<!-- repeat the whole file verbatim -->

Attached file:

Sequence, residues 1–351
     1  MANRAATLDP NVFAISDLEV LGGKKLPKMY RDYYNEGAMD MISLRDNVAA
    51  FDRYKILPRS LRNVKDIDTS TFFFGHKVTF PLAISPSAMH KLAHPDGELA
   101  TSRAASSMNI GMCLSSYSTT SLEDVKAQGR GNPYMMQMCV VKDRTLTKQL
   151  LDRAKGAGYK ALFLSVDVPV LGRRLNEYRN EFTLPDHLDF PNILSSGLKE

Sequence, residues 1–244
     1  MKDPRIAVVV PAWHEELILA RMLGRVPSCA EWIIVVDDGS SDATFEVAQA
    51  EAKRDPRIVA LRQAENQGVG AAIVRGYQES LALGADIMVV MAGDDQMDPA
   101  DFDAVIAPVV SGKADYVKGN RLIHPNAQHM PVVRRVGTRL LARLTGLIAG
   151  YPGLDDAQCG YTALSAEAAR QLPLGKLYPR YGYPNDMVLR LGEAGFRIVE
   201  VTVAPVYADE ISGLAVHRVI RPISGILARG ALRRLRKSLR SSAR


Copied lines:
Sequence, residues 1–351
     1  MANRAATLDP NVFAISDLEV LGGKKLPKMY RDYYNEGAMD MISLRDNVAA
    51  FDRYKILPRS LRNVKDIDTS TFFFGHKVTF PLAISPSAMH KLAHPDGELA
   101  TSRAASSMNI GMCLSSYSTT SLEDVKAQGR GNPYMMQMCV VKDRTLTKQL
   151  LDRAKGAGYK ALFLSVDVPV LGRRLNEYRN EFTLPDHLDF PNILSSGLKE

Sequence, residues 1–244
     1  MKDPRIAVVV PAWHEELILA RMLGRVPSCA EWIIVVDDGS SDATFEVAQA
    51  EAKRDPRIVA LRQAENQGVG AAIVRGYQES LALGADIMVV MAGDDQMDPA
   101  DFDAVIAPVV SGKADYVKGN RLIHPNAQHM PVVRRVGTRL LARLTGLIAG
   151  YPGLDDAQCG YTALSAEAAR QLPLGKLYPR YGYPNDMVLR LGEAGFRIVE
   201  VTVAPVYADE ISGLAVHRVI RPISGILARG ALRRLRKSLR SSAR